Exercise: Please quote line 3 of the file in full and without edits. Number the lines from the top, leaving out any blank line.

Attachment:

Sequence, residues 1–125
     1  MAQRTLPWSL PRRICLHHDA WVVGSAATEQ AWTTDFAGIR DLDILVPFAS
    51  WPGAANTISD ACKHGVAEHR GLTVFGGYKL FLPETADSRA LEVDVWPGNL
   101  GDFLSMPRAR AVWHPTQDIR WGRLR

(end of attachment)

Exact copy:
    51  WPGAANTISD ACKHGVAEHR GLTVFGGYKL FLPETADSRA LEVDVWPGNL